Originally Posted by missunshine
is this phyisical hunger or emotional hunger? do you feel growling in your stomach or just strong cravings? i'm asking because i have no idea what normal hunger is or should be
I used to assume that cravings and food obsessions and the inability to stop eating even when my stomach hurt from overeating were all signs of emotional hunger, not "real" hunger. Then I started reading some of the newer obesity and diet research, and I'm convinced that it's ALL physiological hunger for many of us.
For example at least one study found that obese subjects have less of the hormone that triggers eating for thinner subjects, but less of the hormone that signals satiety.
This is consistent with my experience as (when I was young and foolish) found it easier to eat nothing for three or four dsys than to stop once I started.
Other studies found that a growling stomach is only one kind of hunger, and not everyone, thin or obese experiences hunger as a feeling in the stomach at all.
If I waited to eat until my stomach growled, I often would pass out from hunger first.
The researchers found that for some people a headache was their only symptom of hunger, for others irritability or cravings might be their only hunger cue.
I used to think cravings, food thoughts, and an inability to stop eating were all "emotional" or "false" hunger, but if that's true, why do all three disappear if I eat very low carb?
On high carb, I might feel a little light headed if I go without eating, but only if I haven't eaten in ten or twelve hours. On high-carb, I cannot concentrate on anything because of food obsession. I want to eat, but there are no other symptoms, and the more carbs I eat, the more I want and the harder it is to think of anything but food and eating.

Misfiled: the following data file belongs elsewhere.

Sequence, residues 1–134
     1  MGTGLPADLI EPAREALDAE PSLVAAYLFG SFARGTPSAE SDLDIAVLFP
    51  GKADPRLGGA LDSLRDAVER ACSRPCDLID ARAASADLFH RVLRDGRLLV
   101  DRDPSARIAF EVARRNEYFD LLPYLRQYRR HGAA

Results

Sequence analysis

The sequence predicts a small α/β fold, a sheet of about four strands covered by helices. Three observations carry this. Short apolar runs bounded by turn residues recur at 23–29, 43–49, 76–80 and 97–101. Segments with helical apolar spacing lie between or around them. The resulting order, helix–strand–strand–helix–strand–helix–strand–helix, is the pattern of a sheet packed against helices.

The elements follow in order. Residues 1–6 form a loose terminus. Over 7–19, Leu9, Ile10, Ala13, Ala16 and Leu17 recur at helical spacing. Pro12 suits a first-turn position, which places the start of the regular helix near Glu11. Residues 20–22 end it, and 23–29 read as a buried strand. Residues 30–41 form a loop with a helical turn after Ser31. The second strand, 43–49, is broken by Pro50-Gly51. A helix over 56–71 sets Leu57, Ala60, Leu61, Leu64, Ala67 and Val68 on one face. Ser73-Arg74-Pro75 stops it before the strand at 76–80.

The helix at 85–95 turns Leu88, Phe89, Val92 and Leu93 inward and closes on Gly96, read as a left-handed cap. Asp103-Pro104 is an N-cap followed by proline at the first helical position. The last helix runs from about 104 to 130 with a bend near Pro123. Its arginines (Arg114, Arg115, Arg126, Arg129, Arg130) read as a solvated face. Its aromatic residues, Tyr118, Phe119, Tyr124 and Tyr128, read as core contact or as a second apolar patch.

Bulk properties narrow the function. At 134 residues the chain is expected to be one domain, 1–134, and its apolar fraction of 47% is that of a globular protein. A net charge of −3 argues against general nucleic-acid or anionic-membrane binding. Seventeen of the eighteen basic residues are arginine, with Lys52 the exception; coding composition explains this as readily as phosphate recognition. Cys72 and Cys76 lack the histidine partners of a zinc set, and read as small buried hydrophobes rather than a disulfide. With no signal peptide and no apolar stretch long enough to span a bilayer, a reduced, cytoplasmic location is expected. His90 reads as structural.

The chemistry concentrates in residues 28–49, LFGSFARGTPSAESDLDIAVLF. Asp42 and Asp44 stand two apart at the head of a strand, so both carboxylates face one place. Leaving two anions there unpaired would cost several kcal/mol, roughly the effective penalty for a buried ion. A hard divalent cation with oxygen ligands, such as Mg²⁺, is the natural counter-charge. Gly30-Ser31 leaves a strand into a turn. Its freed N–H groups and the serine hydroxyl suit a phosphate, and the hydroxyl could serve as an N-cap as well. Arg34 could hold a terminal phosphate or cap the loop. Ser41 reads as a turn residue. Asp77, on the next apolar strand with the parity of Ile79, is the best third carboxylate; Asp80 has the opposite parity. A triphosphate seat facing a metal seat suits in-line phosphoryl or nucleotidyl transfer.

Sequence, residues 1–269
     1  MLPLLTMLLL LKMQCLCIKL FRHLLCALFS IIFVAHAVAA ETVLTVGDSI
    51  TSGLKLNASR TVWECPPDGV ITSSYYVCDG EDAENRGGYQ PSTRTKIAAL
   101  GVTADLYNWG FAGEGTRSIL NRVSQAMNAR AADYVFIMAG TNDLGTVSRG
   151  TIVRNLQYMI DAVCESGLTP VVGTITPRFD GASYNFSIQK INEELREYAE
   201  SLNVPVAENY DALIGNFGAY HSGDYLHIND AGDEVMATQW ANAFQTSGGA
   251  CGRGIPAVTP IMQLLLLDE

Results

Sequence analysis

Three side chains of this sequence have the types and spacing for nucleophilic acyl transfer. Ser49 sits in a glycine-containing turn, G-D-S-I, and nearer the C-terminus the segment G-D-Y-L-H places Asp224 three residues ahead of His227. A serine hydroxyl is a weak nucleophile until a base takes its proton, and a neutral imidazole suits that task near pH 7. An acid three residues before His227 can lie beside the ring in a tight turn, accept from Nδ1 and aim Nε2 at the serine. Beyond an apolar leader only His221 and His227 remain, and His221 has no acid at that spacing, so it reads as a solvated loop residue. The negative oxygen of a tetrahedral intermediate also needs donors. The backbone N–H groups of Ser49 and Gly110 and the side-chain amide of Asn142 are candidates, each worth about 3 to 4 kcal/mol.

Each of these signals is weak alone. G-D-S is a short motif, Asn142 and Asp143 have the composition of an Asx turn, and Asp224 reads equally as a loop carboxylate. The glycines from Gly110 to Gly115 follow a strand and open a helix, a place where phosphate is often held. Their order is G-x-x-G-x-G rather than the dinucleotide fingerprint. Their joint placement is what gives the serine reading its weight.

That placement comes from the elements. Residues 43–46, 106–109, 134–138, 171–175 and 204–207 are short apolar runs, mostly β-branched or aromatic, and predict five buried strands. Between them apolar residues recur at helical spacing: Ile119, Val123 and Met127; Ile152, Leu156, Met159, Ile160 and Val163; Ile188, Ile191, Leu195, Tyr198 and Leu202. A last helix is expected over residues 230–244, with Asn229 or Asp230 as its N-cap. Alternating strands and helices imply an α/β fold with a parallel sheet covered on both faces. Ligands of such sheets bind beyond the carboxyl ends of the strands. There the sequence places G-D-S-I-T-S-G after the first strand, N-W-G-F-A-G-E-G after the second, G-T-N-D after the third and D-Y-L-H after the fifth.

On very low carb, I CAN forget to eat. My first sign of hunger is that my husband suddenly becomes a jerk. Seriously though the first symptom is irritability and hubby is the first to notice it because I suddenly start treating him like a jerk. He'll ask me when I last ate to show me that I'm hungry.
If I don't eat, the second stage of hunger is a piercing headache. If I don't realize it's a hunger headache, the third stage is light-headedness and nausea. If I don't eat within seconds of stage 3, stage four is passing out.
Normall, I try to eat moderate carb. Not so high carb that I'm food obsessed, but not so low carb that I risk passing out.
That I can prevent cravings and food obsessions by what I eat, to me proves that the hunger wasn't false or emotional, it was physiological.
I can withstand the discomfort of stomach growling (on the rare occasion that I experience it). I can endure irritability, headaches, nausea, vertigo (everything up to the 90 seconds before passing out).
Pain hunger is easy for me to ignore. The intense, compulsive, cravings are what takes too much white-knuckle willpower for me to ignore for long.
I'll take irritability any day.
Not everyone gets to choose their hunger, but I can by choosing diffetent food strategies.
Even purely emotional eating is largely physiological. Comfort foods are almost always concentrated carbohydrates, which act as a sedative and pain killer. When we're sick or sad, we crave them in order to self-medicate because it works. Carbs act as mood elevator, sedative, and pain reliever.
I've struggled with a recent weight gain that can be partially attributed to carbs being used by both myself and my hubby to medicate my pain. We did it without even realizing it.
I believe it was either David Kessler (the author of The End of Overeating) or Gart Taubes in Good Caloried, Bad Caloried who wrote something to the effect that "all hunger is physiological hunger," and while I didn't fully believe that when I read it, I am starting to.